The role of Data Slipstream was to host the required data and provide the infrastructure for modelling to be conducted on ARCHER2. A new spin-out company, Mercury Environmental Systems Ltd, was formed and continues to work towards increasing productivity and sustainability whilst delivering net zero.

Shortly after this, UKSA SPRINT funding was won in partnership between EPCC, the School of Engineering, and Astrosat Ltd to develop a deep-learning platform for the prediction of soil moisture from data provided by the European Space Agency’s Sentinel-1 satellite, with the COSMOS-UK network providing ground-truth data. The model, built using Tensorflow on EPCC’s Cirrus supercomputer, was trained using data from 51 soil moisture measurement sites and thousands of images taken over the UK between 2014 and 2019.

Satellite view of Scotland

Above: multispectral cloud-free composite image (showing combined RGB channels) produced by combining Sentinel-2 images from Summer 2019 produced using Data Slipstream by the School of Geosciences and EPCC staff on the EIDF.

Evolving with EIDF

Data Slipstream was an early adopter of the EIDF. As the EIDF vision becomes fully realised, Data Slipstream is being improved and redesigned to exploit the infrastructure and systems the EIDF offers. Work is currently underway to migrate Data Slipstream to an OpenStack platform, where virtual machines can be spun up on demand and provide a full EO data analysis environment through Jupyter Lab, and CPU and GPU compute through Kubernetes. Together with increased, faster storage and improved automation and cataloguing, EO data will be placed at researchers’ fingertips.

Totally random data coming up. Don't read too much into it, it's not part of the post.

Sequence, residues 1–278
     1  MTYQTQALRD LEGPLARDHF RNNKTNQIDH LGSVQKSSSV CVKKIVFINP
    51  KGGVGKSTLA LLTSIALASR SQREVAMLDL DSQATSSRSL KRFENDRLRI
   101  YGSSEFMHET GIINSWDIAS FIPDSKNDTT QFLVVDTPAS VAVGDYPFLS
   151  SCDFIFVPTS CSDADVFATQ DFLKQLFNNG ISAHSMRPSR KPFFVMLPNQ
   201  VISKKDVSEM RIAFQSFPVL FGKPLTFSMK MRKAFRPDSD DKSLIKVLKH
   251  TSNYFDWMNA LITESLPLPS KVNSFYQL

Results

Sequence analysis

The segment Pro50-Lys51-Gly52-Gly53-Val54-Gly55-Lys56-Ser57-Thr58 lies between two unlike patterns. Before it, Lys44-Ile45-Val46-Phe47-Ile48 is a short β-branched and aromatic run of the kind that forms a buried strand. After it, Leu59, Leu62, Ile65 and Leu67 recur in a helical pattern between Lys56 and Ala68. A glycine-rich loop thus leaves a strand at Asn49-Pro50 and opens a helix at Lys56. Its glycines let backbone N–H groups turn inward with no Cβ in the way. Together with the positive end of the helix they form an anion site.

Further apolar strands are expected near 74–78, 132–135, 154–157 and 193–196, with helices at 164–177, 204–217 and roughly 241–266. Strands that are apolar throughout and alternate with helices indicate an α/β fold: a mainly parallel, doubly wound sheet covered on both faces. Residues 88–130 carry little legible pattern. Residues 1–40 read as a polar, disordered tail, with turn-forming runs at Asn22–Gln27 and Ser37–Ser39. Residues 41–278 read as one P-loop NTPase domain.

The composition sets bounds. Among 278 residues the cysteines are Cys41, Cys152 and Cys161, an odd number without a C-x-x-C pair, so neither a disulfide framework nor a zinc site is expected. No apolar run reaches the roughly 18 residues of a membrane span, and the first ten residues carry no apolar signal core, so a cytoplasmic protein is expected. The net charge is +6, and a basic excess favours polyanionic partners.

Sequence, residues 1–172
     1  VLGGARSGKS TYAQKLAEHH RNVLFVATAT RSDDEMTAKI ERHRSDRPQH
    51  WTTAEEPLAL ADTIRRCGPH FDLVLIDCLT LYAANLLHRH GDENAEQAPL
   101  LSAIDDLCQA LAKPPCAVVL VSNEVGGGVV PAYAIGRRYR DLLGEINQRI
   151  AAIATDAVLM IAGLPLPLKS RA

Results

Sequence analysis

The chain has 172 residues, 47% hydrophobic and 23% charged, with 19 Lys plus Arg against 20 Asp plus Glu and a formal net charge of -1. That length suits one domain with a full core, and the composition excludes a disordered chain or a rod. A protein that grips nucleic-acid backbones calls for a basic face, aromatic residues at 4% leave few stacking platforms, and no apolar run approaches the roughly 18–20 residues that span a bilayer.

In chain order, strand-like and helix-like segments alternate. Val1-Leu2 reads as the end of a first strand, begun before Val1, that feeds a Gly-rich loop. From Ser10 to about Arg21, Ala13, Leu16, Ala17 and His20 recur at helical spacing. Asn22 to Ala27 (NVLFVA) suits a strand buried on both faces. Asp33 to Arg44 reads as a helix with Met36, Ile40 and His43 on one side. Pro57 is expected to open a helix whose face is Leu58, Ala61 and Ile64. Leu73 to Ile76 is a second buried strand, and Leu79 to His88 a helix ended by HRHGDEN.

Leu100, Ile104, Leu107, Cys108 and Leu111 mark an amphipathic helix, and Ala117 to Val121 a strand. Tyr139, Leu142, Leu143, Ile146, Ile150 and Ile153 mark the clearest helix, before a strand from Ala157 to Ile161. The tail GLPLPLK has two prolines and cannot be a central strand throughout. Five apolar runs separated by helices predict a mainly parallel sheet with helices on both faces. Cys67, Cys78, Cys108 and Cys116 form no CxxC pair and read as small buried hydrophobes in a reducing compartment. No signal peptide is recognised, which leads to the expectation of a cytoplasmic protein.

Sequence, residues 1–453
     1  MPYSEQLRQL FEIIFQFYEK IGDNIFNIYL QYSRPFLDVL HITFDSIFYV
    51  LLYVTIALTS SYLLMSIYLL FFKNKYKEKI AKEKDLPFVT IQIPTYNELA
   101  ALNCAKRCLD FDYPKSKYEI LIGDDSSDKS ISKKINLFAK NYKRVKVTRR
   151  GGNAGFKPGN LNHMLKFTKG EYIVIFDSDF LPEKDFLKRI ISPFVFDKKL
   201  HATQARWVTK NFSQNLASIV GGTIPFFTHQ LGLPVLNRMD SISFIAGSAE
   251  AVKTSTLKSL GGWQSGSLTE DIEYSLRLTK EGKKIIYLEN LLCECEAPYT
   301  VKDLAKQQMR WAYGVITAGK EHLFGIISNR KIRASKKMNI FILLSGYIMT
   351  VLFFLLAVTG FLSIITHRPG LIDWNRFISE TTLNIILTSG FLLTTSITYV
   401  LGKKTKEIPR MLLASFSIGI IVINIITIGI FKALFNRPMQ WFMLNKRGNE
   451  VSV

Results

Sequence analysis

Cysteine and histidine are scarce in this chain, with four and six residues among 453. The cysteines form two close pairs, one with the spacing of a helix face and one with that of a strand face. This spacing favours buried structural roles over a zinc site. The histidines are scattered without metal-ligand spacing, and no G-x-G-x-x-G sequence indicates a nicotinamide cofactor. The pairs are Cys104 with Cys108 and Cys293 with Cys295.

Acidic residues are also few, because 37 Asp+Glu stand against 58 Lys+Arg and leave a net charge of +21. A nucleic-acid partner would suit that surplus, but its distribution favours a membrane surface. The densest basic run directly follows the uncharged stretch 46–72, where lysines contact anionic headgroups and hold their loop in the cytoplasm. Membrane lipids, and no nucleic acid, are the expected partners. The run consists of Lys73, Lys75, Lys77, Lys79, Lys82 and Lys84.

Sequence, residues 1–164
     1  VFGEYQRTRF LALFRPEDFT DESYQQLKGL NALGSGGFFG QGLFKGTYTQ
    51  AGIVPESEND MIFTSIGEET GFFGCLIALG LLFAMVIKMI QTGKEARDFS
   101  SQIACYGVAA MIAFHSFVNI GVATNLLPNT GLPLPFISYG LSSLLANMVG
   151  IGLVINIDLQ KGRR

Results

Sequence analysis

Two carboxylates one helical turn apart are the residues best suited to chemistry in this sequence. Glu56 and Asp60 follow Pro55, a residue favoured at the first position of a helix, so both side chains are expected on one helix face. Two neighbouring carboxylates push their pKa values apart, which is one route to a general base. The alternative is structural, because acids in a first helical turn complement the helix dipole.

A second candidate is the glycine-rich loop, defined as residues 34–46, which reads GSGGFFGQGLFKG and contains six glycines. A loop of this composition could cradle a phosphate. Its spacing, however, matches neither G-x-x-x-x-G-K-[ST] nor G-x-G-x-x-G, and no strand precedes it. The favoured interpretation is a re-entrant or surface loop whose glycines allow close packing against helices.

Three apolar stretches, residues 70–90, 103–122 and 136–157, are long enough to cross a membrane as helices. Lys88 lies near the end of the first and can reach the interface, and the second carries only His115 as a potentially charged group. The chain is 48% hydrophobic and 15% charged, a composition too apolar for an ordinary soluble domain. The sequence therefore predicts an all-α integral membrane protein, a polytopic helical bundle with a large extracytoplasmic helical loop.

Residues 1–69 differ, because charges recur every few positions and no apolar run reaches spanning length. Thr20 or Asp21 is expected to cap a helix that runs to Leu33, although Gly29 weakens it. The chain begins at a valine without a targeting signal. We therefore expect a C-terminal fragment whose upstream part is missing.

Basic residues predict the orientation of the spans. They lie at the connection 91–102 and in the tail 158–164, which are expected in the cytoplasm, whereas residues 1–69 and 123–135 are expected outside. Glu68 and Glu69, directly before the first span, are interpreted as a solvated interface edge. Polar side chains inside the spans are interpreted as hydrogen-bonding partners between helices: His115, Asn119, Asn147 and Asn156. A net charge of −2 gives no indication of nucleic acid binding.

Data Slipstream now hosts UK-wide Sentinel-1 data, Sentinel-2 data covering all of Scotland and parts of Ghana, and many other datasets required in the processing of that data, such as digital elevation models of the Earth’s surface. Data sources include the Alaska Satellite Facility, the Centre for Environmental Data Analysis, and the European Space Agency. Data acquisition is project led, meaning any new data acquired is directly linked to a use case.

Future developments

The latest Data Slipstream project, funded by the STFC Impact Accelerator Account, involves an international industrial collaboration with Orbital Micro Systems to receive low-latency passive microwave data recorded by their Global Environmental Monitoring (GEMS) CubeSat constellation.

Data from the demonstration instrument, launched in 2019, will be used to prepare the Data Slipstream infrastructure to receive raw satellite data to produce up-to-the-minute 3D precipitation, temperature, and moisture profiles of the Earth’s atmosphere from instruments due for launch beginning in early 2023 from Shetland’s SaxaVord UK Spaceport.

EIDF is at the heart of a plan to make Edinburgh the data capital of Europe. Through Data Slipstream, we aim also to become the space data capital of Europe.

The EIDF offers a portfolio of services designed to support projects from across the Data-Driven Innovation (DDI) initiative.


Dr Dave McKay